That is a seven week old Great Dane. That is my Great Dane on May 21st, 2010. This was taken in the car on the way back from the breeders'. He's adorable, isn't he? He's cute, bratty, a bit mouthy, and can be very loud. He's a puppy alright.
Before I tell you about my Great Dane, I guess it only makes sense to introduce myself a little.
I was that little girl who sat in the dirt and looked for worms. I was the one who had wild robins and pigeons in the house before I ever got my hands on a puppy or kitty. I was the toddler picking horses at the local track, and then tried to out-run them. I was the little kid who told the difference between Asian and African elephants to other zoo guests, and who tried to climb into the pen of the visiting white lion cubs. I was the girl who moved around so often it was like the wind was calling my name. I was the girl who all the other girls hated because I never gained weight, and still don't. I cheer for sports like American football, ice hockey, and UFC. I watch martial art competitions and a slew of cartoons. Batman is my comic book hero, and I don't care if that labels me a geek. I got a bull's eye my first time shooting a bow, and my first time shooting a gun. I've held a bear cub, played with raptors, pet a koala, and rode a camel. I was the little kid who climbed to the top of the jungle-gym and jumped, but caught others when they fell. I've seen the face of death and came close to it more than once, each time I walked away feeling invincible. I'm a gambler, a Dragon Gemini. My family calls me the Pied Piper.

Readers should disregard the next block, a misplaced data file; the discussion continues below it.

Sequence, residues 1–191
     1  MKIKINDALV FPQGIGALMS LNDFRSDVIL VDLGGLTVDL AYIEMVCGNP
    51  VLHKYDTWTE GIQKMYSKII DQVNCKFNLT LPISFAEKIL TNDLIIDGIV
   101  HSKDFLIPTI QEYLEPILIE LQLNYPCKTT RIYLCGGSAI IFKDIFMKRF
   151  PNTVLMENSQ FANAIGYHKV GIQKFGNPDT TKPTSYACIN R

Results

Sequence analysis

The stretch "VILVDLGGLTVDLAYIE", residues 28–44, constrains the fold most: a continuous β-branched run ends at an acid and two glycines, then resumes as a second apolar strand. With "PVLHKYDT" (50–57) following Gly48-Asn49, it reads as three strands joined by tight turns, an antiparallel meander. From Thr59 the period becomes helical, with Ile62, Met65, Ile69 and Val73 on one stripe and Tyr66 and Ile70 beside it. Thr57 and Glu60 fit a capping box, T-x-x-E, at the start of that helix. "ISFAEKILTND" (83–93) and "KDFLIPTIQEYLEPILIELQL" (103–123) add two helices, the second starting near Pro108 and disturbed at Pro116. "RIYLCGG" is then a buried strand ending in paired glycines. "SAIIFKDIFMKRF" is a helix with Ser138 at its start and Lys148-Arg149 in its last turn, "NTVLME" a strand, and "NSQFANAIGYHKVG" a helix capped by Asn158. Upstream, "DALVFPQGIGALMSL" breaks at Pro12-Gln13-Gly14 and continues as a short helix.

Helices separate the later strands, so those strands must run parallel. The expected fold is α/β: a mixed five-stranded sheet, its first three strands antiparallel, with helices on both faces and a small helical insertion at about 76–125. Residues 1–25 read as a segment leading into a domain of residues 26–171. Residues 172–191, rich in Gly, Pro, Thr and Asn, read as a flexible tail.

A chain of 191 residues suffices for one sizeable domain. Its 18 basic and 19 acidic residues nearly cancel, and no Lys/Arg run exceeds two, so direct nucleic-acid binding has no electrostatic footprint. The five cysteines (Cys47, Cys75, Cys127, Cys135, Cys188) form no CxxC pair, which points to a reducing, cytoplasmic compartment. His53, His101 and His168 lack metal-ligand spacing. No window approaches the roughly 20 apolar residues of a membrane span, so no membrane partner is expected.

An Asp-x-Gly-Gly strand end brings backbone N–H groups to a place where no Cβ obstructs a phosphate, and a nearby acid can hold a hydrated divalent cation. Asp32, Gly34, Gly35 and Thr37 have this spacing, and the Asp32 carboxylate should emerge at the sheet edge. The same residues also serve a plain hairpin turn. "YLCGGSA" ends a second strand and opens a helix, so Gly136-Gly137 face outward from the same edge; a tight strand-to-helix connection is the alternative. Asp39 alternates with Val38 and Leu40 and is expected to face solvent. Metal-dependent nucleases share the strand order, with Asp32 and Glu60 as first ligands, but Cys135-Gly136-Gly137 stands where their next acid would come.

Blackjack is like life, and I'm notorious for winning by an ace.
Two years, one month, and one day ago my faithful dog of eleven years died from bone cancer. The next day I left Indiana for New York, staying there until the end of August. I then went to California until the end of October. I returned to Indiana and started college up again. A week into my semester I signed up to go to Australia. It was during the months I was in Australia, the months seeing people running on the beach with their dogs, that I knew it was time for another dog. Due to a stop in New Zealand, almost a fatal stop, I couldn't get a dog until I got back to the States. My next semester was harrowing. I took all science courses, and with me moving into a new place and my family moving to Florida at the same time, I had to wait for another few months.
While I was waiting, and failing my courses, I looked at Great Dane puppies. Great Danes fitted my more relaxed life. They were big, but did well in an apartment. An added plus was that Bruce Wayne has a Great Dane mix in the Batman Beyond series. That was my goal. I wanted a solid black male. I was going to call him Ace of Jokers, or Ace for short. I quickly saw black Great Danes cost a lot. I only paid $500 for my horse and refused to pay more for a dog. But I never stopped looking.
As the semester came to an end things were...messy. I was having arguments with my family. They were stressed about moving, and I was stressed because I knew I failed the entire semester, something that never happened before. I'm usually an 'A' or 'B' student, despite my hatred for anything academic related. The only good thing about the semester ending was I was told I would get the house after my family moved out. I no longer would be staying in my apartment with the drug dealling-dog fighting neighbors. Perhaps this was a trick my parents used to get me to stay put? It wasn't a secret that I didn't like Indiana. I had been looking for a way out all semester. Regardless, it was after an argument that I bit the bullet and shot an e-mail to a breeder nearby. The response was that the puppy I asked about already had a deposit. I shrugged this off and kept looking.